The PC market is shifting

The companies you know as computer makers buy, not make, all the component parts. Who’s to say the component makers can’t get into the game as well?

By Jon Peddie

Perhaps you’ve noticed the subtle but unrelenting move by component suppliers to enter into the device/systems/appliance markets. Intel did it with medical devices about four years ago; Microsoft did with the Xbox, then Xen, and lately tablets; Nvidia did it with Grid servers and Shield (and, some argue, with tablets); AMD did with Sea Monkey servers; and both AMD and Nvidia build AIBs that get re-badged by their partners. Cisco does it too (mostly through acquisitions), and Google makes phones, tablets, and OTT TV. There are very few pure ingredient suppliers these days.

The brand name says "Toshiba" but like every other PC vendor, all the parts come from somebody else. (Source: Toshiba)
The brand name says “Toshiba” but like every other PC vendor, all the parts come from somebody else. (Source: Toshiba)

The irony is that the device/system/server companies used to make their own silicon components. They exited those markets because of the associated costs of research and development, support, and in some cases even manufacture costs. The component companies may have been envious of the value-add profits the system builders were getting, but avoided it because of the marketing and support costs.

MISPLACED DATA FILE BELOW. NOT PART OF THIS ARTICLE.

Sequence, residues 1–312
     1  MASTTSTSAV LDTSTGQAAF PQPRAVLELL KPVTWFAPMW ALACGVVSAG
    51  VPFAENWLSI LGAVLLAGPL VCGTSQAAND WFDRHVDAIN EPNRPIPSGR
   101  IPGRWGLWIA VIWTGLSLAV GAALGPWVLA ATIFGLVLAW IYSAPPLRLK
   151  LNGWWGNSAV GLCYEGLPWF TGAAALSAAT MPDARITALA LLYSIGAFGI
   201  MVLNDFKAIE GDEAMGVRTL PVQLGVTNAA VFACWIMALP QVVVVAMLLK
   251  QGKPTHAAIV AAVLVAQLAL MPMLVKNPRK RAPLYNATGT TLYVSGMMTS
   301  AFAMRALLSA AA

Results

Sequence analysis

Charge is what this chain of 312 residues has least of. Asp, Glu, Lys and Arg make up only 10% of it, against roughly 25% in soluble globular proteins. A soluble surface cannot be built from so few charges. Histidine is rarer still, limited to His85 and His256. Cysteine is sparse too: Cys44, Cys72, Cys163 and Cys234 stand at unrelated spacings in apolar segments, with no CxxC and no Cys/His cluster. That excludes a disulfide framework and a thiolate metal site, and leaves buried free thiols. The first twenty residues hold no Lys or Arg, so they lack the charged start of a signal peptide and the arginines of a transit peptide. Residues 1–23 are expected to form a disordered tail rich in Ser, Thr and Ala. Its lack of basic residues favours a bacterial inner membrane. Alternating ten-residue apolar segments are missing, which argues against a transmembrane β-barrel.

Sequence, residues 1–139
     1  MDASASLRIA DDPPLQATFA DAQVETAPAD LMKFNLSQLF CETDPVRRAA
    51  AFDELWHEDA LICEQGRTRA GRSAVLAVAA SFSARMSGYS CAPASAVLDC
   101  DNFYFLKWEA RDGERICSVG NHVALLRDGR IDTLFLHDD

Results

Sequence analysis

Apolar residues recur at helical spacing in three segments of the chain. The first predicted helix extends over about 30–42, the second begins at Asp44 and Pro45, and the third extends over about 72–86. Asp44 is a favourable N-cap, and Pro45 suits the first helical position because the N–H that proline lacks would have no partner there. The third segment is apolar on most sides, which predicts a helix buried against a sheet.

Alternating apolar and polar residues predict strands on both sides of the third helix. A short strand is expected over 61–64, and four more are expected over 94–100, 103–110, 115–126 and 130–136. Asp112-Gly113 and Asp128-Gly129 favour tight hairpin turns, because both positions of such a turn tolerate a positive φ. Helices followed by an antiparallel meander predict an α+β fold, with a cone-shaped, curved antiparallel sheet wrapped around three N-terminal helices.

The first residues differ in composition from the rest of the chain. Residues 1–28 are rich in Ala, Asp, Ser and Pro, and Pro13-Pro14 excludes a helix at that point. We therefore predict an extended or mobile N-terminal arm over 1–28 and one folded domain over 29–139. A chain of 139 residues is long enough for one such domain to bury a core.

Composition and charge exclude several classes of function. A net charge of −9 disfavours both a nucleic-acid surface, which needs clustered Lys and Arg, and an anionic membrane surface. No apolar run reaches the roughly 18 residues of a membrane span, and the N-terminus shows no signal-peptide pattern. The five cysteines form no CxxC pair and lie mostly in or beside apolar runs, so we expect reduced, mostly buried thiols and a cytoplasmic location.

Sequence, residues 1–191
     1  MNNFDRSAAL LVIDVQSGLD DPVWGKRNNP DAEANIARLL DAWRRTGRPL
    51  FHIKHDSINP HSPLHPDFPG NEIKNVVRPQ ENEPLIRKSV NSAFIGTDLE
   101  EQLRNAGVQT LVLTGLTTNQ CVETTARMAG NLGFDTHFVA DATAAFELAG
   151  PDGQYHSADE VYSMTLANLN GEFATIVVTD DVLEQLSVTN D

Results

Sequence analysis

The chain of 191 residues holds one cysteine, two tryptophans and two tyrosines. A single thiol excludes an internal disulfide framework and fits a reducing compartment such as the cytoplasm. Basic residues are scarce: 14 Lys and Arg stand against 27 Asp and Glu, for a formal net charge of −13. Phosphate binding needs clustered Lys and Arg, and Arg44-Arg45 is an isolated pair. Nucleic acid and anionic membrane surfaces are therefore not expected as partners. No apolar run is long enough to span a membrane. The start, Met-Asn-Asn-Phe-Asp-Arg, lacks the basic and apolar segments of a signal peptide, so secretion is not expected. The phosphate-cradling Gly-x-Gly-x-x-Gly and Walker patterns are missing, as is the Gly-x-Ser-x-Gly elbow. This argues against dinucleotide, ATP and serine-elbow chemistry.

Today, largely due to Intel’s extraordinarily successful “Intel Inside” campaign, the component suppliers have expanded their investments in marketing and established powerful brands. So powerful are their brands that they can go into to the systems business and be successful.

The system builders, particularly the PC builders, have been in a tight spot with no prime IP other than box construction. Companies like Acer, Dell, Lenovo, HP, and Toshiba buy everything—the motherboard, the OS, the boards, disk drives, monitors, and power supply. They are basically assembly houses with great looking boxes and strong brands. Some of them have software apps for multimedia and security, and the bigger ones guarantee system integrity—all those disparate parts work together.

Where will this lead? Will Intel, AMD, Nvidia, and Qualcomm start making PCs, tablets, and phones? Why not? They basically make them now in the form of reference designs. What’s to stop them from going all in on the systems business? If they do, then what happens to the traditional box builders? Do they start buying semi companies to compete? You see, everything you know is wrong, and you can’t predict the future.

Jon Peddie is president of Jon Peddie Research, publisher of GraphicSpeak.